I just did an e-mail interview with Birgit Eberlein, who is currently building up a local group for betterplace in Beijing
Q: How did you find out about betterplace and what are you doing in Beijing?
Birgit: Last summer I met Joana in a Café in Berlin. She told me about betterplace and I immediatly thought: what a great idea! But I didn’t really know in any detail what it was all about. After having lived in Berlin for 6 years my family planned to go abroad again. My husband works for Chrysler and when we had the opportunity to go to Beijing we, we felt that it would be great chance to witness Chinas transformation.
Q.: How did you get in touch with interesting projects in China?
Birgit: After having heard about betterplace I kept my eyes and ears open. The problem wasn’t so much finding projects – there are sooo many – but a project suitable for betterplace. I was especially interesting in finding a project which didn’t yet have loads of support.
Q.:How did you come across Good Gifted Garden, the Beijing project already posted on betterplace?
Birgit: That was pure chance. A friend of mine from Berlin had given me Chun Hongs telephone number, as they had met a few years ago in Beijing. I was looking for some insider tips for restaurants and thus contacted her. We got on well straight away and she started telling me about her work. She spoke about it with such enthusiasm, that I was fascinated, She really lives for her work with handicapped and autistic children. Very impressive!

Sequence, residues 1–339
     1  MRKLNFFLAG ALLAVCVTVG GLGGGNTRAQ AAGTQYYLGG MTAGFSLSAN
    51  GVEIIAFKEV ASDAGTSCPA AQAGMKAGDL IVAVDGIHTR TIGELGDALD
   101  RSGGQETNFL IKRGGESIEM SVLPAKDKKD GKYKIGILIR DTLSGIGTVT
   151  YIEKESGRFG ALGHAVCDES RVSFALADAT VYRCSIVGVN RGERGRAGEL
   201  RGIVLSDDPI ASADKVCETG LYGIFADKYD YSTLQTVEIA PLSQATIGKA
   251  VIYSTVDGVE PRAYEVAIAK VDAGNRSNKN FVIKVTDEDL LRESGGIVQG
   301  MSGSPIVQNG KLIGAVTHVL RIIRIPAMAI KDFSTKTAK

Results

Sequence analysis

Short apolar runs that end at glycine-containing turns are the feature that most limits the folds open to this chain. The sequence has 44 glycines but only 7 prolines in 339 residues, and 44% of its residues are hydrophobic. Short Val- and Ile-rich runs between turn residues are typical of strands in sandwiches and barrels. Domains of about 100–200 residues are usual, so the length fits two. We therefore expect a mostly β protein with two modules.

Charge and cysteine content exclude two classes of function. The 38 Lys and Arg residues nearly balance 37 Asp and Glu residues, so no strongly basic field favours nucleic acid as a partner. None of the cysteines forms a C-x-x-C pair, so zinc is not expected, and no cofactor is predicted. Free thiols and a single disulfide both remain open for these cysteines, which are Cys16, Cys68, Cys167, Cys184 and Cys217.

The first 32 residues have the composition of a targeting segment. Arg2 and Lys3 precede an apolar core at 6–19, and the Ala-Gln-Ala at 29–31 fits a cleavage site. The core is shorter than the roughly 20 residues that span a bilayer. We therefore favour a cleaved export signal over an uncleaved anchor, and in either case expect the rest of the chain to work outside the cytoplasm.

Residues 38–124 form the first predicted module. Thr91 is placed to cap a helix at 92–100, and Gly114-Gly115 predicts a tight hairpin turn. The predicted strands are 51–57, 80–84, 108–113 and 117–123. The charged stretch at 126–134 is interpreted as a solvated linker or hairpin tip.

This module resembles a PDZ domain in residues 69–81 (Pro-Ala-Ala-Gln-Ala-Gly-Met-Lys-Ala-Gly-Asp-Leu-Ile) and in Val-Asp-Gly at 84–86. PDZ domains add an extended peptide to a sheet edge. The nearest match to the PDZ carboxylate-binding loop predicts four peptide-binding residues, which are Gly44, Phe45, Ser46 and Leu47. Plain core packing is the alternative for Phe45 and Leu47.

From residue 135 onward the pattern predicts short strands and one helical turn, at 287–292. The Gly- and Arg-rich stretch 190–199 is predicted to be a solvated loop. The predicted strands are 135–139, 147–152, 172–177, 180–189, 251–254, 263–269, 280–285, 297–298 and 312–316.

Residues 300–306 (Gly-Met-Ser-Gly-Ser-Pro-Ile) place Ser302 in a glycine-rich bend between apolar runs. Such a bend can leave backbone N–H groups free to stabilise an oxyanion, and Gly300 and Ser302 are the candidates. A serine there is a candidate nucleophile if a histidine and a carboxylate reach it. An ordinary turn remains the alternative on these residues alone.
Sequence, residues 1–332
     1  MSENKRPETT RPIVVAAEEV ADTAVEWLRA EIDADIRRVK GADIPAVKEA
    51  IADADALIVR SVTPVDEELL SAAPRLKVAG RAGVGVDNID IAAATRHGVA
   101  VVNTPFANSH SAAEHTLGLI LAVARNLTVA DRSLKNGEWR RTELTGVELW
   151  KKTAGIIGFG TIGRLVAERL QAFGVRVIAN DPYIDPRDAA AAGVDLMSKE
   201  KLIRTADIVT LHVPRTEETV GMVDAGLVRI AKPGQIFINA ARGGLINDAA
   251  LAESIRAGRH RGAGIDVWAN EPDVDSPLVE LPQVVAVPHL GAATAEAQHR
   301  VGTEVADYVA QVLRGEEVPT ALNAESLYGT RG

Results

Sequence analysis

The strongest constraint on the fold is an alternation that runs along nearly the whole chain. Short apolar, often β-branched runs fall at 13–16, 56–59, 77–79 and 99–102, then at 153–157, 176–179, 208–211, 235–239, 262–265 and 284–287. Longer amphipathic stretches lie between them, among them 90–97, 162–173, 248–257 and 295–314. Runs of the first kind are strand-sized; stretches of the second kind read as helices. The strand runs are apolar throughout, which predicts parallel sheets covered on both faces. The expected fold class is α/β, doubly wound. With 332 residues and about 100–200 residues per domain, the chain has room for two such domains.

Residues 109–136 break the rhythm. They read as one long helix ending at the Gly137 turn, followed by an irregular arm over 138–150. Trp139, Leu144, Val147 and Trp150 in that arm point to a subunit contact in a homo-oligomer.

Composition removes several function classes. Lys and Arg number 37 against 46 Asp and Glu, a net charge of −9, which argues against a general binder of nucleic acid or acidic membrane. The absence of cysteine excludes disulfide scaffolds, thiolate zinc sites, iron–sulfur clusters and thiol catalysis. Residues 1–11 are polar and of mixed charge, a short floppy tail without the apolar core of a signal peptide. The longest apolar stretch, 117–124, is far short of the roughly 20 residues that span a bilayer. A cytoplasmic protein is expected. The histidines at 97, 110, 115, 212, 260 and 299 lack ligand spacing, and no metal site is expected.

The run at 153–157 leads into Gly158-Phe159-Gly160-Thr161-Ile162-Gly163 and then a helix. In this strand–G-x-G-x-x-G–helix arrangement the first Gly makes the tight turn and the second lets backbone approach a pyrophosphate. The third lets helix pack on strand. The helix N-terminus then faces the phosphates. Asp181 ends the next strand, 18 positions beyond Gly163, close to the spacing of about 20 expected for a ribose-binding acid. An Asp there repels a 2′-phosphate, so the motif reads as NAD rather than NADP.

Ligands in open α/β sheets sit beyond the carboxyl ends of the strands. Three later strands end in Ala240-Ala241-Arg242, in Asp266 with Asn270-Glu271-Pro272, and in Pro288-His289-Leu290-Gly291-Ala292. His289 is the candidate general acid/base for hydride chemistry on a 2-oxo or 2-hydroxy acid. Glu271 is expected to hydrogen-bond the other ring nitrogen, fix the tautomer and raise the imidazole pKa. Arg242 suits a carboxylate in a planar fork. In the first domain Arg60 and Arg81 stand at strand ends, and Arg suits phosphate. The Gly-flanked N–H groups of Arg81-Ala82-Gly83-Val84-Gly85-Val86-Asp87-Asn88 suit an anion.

Q.: Was it easy to post the project or did you encounter many difficulties?
Birgit: The posting itself was no difficult, as we were one of the first projects and the people in the Berlin betterplace office were very helpful. On the other hand, the communication here in China was a challenge, for example to translate texts into English. Even though Chun Hong speaks English, many terms relating to her work are difficult to understand. After a while I had assembled a small network: my Chinese teacher translates her writing into English, while my Australian friend Mary checks up Chun Hongs “flowery” (as Joana calls it) English. It would be hard to do everything on my own. Simply to find out the name of the bank was a real problem. Even the employees of the Beijing branch couldn’t help and always sent me back with Chinese characters. But in the end we managed to work it out.
Q.: Do you have more projects for betterplace? And what else would you like to do with betterplace?
Birgit: There are a number of good projects, such as the Josephine Charles Foundation. I got to know Josephine a few weeks ago – she is an expat wife who works in the Liangshan area. She builds schools of girls, who are on the lowest social ladder in this part of China. There is another project, See the Stars, in which I am interested. They are looking after Tibetan orphans. The people in that region are suffering from the high UV-radiation and many are blind as there is a lack of sun glasses and medical treatments.
Yet, in order to look after all these projects I need a larger network. My idea is to contact a number of other expat networks to gather support. There is the INN (International Newcommersnetwork) and Beijing Café, an Interent chat platform. I am also going to contact a group in the German Embassy, which is very actively involved in charities. Many people are interested in betterplace. A few days ago I walked my dog with a few other women and they also want to join betterplace. Spontaneously we decided to call our group the Dogpark Community – why not? I would like to built up a local group which meets regulary. I am optimistic, but as the Chinese say: lbuibulei (this is the spoken version!) (step by step). I am glad to be part of betterplace: it is exiting to personally witness all the things which are happening here. As Mark Twain said: in twenty years you will be sorry for all the things you didn’t do, not for the ones you did.